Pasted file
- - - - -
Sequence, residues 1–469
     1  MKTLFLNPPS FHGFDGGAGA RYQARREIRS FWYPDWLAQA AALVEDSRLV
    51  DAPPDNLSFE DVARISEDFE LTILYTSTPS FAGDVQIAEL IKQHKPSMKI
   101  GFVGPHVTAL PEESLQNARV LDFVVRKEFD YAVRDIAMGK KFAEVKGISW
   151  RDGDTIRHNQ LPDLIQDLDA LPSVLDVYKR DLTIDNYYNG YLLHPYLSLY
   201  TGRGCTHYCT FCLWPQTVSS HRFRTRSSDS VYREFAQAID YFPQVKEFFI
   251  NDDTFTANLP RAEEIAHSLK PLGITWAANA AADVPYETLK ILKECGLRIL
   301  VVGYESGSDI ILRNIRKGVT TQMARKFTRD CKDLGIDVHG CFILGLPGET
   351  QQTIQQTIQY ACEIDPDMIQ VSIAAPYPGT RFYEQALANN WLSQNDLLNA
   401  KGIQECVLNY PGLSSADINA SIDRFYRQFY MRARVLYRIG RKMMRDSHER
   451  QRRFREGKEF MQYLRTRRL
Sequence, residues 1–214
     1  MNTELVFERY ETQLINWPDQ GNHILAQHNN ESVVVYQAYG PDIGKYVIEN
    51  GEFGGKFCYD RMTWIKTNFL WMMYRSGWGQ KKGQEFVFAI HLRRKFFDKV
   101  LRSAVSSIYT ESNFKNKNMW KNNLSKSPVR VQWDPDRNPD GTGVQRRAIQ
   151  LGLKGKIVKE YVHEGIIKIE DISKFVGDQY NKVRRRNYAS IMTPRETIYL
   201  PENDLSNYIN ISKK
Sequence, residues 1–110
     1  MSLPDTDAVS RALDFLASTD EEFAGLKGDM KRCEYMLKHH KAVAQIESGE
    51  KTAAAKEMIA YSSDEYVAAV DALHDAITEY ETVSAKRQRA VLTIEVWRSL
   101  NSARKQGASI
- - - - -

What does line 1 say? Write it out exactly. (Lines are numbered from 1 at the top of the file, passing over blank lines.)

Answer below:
Sequence, residues 1–469